One of the students taking the class is Adnan Fazal, a second-year Tippie MBA student. He said he jumped at the chance to participate in a hands-on global market research project, and to help people with clubfoot get the treatment they need.

"It's a great opportunity to apply the skills we're learning in class to a real life situation, but it's also a huge opportunity to make a difference in the world and improve the lives of so many children," said Fazal, who is also a student in the Master's in Health Administration program in the College of Public Health. "We talk about how important it is for us to make the world better, but we don't get that many chances to affect the lives of so many people on a global basis this often."

Morcuende said Ponseti's method has numerous advantages to traditional surgical techniques: it has a higher success rate at a lower expense, as the treatment is successful more than 95 percent of the time and costs only about $100 per patient in developing countries; it can be administered by people who are not medical doctors, making it more widely available; and it requires less infrastructure than surgery, such as a hospital, clinic or other sterile setting.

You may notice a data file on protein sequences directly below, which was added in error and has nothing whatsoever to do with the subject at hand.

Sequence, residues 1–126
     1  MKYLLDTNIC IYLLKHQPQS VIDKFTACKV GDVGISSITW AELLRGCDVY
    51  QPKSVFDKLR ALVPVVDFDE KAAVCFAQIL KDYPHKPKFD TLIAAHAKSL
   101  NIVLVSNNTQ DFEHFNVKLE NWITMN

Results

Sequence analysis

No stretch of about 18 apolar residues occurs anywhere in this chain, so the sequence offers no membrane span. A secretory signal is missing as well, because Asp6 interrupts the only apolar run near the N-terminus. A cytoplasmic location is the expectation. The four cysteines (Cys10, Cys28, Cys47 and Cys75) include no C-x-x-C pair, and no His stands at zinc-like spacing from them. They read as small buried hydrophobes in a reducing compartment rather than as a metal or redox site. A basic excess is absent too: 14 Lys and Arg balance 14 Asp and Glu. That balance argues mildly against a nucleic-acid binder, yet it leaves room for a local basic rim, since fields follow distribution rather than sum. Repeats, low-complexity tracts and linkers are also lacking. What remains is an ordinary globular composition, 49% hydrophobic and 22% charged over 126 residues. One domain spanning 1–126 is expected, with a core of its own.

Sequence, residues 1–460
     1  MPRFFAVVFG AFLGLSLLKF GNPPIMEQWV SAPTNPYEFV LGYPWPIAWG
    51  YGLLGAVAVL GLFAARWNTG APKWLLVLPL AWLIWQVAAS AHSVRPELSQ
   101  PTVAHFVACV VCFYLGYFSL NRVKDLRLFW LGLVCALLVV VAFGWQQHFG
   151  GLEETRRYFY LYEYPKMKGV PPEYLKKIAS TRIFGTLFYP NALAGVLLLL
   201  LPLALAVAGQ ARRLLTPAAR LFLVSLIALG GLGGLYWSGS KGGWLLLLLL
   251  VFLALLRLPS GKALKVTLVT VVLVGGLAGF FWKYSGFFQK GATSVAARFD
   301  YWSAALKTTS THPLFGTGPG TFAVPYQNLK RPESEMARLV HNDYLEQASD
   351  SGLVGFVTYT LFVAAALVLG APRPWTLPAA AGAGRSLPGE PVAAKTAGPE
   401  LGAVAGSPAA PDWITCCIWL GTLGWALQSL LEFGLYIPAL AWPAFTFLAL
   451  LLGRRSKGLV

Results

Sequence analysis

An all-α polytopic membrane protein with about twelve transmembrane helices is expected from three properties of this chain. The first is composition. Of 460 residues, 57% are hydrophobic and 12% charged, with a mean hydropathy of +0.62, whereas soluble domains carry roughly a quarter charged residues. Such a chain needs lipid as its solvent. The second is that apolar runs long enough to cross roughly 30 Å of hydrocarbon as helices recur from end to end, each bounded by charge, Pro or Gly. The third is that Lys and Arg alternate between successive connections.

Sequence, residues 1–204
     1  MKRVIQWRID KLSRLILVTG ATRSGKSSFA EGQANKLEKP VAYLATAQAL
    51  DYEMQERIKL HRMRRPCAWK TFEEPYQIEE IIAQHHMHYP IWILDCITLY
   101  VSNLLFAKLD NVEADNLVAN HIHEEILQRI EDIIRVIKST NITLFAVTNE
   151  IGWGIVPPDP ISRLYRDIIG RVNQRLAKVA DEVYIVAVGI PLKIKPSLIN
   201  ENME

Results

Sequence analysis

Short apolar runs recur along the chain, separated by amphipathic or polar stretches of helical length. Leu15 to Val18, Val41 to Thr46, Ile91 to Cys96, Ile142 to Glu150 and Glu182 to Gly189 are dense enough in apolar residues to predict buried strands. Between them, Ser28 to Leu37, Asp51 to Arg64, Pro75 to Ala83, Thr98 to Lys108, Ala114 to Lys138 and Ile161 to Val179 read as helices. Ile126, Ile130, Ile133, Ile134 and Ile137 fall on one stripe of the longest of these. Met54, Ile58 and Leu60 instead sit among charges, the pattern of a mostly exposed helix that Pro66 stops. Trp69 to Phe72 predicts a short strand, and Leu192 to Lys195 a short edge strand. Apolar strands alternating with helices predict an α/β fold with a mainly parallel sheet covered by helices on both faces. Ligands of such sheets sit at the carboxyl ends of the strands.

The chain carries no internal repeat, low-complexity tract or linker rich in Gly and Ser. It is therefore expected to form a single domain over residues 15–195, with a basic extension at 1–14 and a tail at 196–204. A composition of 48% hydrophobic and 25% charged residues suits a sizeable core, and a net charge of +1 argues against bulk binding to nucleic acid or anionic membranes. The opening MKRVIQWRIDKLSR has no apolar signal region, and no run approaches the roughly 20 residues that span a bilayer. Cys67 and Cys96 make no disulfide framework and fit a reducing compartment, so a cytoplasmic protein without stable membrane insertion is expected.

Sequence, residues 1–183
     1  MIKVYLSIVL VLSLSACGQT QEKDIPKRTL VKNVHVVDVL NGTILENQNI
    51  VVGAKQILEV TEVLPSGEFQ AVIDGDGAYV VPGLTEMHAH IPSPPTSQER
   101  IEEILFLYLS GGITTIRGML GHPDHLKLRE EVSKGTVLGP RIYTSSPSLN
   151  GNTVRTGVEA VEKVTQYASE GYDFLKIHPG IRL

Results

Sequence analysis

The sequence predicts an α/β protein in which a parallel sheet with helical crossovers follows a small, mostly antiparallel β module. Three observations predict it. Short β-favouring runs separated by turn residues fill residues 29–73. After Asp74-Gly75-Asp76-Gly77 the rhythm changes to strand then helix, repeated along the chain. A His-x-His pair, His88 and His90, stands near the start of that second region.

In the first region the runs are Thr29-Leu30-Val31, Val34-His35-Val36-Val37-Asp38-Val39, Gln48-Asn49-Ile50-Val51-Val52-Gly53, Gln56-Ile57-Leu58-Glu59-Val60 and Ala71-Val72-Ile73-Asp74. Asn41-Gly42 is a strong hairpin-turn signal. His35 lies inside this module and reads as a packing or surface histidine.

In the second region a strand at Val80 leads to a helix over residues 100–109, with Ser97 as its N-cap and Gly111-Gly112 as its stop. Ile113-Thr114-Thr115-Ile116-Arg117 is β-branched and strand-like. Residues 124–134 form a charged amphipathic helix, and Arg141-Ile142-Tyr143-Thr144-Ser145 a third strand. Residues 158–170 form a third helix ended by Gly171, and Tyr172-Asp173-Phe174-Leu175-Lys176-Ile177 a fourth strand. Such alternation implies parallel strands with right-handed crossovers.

"It's a perfect method for use in developing countries, which makes it more important for us to spread our message," Morcuende said.

Murry said his students will spend the semester phoning health care professionals, government officials, and international agency officials working in India to ask them about their knowledge and use of the Ponesti method. At the end of the semester, class members will present a report to the Ponseti International board explaining the resistance to the method and recommending a strategy to increase its usage.

"We'll identify what messages we need to transmit to the various health care providers, government officials, and international agency officials working in those countries," said Murry. "For instance, it could be that health care professionals there have simply never heard of the technique. If that's the case, our plan might suggest an emphasis on providing greater education and training opportunities."

Fazal said the class hopes to make the Ponseti methed a recognized brand that brings recognition to Ponseti and the University of Iowa.

"He's an amazing person and the chance to be associated with him like this is wonderful," he said.

Ponseti, 94, continues to see patients and teach his technique as an emeritus professor of orthopedics in the Carver College of Medicine.

The Ponseti symposium will be held Sept. 12 to 14 at the Marriott Coralville Hotel and Convention Center and is sponsored by the National Institute of Health, the University of Iowa, and the Ponseti International Association for the Advancement of Clubfoot Treatment, in collaboration with the Centers for Disease Control and Prevention, World Health Organization, American Academy of Orthopedic Surgeons, and the American Academy of Pediatrics, among others.

More information on the symposium can be found on the Web at www.itreoh.org/clubfoot.